Style Class Element States, Required, Valid

I want components that responds to a users security level. If they are unauthenticated red background, no write permissions, and disabled. Looking into style classes / element states I found two that are undocumented. What do the “required” and “valid” states monitor? Any additional insight on this and styling on security would be helpful.

Two things before we start:

  1. Style/theming is one aspect of your request.
  2. Preventing interaction is something else.

The best option here is to have a Style Class for each possible state you expect a user could have. If we assume that you’ll only ever need either authenticated or not-authenticated, then we can continue as if no extra styling is “authenticated”, which means we only need to worry about not-authenticated. Let’s make a new Perspective Named Style named “RequiresAuth”.

Within the RequiresAuth named style, supply all of the appearance changes you want someone who is not authenticated to see.
Bind with an expression binding: if(len({session.props.auth.user.userName}) > 0, "", "RequiresAuth"). Note that this expression is on classes - not style; also, if you already have classes attached to this component, you should supply those instead of the empty string.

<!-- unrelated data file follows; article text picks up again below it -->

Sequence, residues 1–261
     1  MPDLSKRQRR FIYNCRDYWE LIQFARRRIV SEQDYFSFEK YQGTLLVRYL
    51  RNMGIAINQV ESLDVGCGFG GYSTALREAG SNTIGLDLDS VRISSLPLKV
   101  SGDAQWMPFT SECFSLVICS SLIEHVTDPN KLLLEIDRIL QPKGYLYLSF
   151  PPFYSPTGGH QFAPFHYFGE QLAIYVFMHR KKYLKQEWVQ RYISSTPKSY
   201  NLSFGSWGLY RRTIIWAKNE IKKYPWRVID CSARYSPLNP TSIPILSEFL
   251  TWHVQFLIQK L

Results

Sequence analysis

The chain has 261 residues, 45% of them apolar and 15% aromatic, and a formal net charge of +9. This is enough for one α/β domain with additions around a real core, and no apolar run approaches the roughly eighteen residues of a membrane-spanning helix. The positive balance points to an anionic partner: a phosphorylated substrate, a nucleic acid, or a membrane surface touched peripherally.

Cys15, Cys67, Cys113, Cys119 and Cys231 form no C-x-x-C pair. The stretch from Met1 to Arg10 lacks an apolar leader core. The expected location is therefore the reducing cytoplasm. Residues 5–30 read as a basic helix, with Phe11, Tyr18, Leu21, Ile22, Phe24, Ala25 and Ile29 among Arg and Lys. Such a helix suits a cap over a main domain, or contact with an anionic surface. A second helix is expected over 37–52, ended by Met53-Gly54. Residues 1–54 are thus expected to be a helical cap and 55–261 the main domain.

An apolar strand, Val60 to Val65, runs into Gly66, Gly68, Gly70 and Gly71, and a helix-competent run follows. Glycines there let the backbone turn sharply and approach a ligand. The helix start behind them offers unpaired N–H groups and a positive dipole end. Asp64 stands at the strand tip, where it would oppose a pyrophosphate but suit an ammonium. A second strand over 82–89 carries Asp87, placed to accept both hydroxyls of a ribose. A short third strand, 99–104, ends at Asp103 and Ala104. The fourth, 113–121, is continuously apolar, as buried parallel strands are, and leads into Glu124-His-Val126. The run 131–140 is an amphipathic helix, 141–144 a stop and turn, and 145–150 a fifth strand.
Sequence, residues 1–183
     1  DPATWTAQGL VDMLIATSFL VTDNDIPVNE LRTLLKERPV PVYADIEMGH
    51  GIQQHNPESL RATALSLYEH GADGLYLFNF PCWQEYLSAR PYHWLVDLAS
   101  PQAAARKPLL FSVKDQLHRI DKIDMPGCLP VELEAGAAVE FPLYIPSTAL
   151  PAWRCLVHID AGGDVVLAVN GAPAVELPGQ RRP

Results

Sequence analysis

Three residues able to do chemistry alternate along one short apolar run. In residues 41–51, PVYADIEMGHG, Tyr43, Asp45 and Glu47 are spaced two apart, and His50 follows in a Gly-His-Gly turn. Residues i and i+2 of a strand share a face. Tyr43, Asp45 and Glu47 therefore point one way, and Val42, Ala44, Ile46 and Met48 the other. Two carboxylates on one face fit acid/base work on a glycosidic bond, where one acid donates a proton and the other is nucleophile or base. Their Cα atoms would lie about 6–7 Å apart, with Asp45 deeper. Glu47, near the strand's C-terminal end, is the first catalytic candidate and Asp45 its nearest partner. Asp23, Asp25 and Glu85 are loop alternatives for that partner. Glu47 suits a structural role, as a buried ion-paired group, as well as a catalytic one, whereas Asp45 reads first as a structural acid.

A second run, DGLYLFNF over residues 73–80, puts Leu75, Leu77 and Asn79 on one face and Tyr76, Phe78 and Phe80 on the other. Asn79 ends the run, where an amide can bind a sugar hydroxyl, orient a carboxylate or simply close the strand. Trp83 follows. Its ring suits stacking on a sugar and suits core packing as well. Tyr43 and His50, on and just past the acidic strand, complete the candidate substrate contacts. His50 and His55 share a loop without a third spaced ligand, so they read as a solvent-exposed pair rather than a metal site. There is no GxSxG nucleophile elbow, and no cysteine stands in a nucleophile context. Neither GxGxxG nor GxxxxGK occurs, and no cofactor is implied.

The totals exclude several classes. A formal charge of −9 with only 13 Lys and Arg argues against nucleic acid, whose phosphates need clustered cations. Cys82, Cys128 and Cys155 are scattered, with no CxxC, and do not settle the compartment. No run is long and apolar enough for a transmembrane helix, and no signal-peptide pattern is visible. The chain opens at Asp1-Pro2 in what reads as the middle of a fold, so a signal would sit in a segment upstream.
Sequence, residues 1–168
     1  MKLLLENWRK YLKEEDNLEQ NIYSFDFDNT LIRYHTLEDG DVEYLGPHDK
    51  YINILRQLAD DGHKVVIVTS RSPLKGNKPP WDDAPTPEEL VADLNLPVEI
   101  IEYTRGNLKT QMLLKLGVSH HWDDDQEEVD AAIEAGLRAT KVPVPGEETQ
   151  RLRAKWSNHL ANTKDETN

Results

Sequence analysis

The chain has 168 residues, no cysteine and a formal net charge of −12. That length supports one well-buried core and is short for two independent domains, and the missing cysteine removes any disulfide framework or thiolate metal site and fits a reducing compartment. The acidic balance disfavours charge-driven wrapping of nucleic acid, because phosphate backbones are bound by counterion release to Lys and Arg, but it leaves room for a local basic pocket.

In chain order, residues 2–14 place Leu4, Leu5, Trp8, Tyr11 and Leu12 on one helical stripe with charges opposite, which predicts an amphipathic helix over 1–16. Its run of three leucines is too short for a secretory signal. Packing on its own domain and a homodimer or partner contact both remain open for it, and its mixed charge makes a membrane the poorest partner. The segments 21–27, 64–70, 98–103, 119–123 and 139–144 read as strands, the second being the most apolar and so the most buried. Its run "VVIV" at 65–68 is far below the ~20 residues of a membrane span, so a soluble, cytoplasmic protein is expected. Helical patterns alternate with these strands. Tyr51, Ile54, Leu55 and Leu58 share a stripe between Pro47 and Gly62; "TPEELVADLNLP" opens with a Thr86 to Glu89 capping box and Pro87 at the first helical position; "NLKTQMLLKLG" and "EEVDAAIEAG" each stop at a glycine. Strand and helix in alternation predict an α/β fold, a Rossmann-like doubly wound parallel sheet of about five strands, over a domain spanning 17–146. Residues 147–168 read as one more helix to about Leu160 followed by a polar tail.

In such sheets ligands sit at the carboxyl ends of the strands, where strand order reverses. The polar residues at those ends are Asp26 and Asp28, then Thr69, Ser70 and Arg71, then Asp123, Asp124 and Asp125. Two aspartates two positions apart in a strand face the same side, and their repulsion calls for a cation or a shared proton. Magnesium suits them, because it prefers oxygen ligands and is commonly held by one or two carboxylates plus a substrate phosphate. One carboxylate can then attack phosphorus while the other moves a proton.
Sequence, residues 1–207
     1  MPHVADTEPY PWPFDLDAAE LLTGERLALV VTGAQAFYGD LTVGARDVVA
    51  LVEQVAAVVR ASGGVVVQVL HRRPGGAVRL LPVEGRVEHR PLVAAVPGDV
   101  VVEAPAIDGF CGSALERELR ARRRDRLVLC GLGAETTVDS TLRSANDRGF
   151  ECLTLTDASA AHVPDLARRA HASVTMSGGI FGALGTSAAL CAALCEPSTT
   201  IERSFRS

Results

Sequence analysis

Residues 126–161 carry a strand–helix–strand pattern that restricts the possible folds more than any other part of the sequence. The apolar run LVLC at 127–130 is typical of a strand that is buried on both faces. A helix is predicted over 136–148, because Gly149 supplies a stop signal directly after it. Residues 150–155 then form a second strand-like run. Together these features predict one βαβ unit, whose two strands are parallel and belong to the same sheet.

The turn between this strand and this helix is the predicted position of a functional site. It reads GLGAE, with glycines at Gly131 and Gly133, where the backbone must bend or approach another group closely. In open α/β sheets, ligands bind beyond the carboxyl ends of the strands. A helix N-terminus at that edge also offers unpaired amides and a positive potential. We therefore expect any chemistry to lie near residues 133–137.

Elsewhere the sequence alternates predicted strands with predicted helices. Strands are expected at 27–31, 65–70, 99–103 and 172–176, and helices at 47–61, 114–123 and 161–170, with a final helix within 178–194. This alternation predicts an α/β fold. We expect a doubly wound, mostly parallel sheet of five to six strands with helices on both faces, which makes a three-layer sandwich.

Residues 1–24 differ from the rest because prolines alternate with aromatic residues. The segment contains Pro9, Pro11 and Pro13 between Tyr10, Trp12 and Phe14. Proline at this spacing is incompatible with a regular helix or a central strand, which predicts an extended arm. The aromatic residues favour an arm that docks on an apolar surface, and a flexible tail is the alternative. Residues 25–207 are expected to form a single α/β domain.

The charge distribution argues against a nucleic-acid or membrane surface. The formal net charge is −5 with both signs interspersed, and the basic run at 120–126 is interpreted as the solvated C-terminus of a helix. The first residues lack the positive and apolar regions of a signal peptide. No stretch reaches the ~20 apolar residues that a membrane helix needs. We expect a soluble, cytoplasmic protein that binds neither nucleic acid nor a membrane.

Every input component should have some sort of enabled property. You’ll want to bind this property against a similar expression: len({session.props.auth.user.userName}) > 0. Now, if a user is not logged in, they are unable to interact with the input.

First, is there any benefit to using the ‘session.props.auth.user.username’ vs. ‘session.props.auth.authentiated’?
Second, style classes can only be applied to components on a view. When does a “required” or “valid” element state play its part?

That makes sense.

Nope, I just forgot that property was there, and the example I pulled from was actually checking for usernames so it was an easy copy/paste.

These only come into play if you’ve configured the web element in the DOM to be required, or you’ve marked it as valid, neither of which is possible in Perspective short of incredibly niche and heavy-handed one off custom theming.

No need for red background. Be subtle, man. Be subtle!

Most GUIs change disabled controls to light grey or some themed style with lower contrast than an enabled control. Red means “danger” and there is no danger if the control is disabled. Good design will be consistent with what your users are used to on well designed websites. Use of color should be judicious, themed and consistent. Your users will appreciate the lower burden on their visual cortex and will soon learn to interpret the screen. You will also look more professional.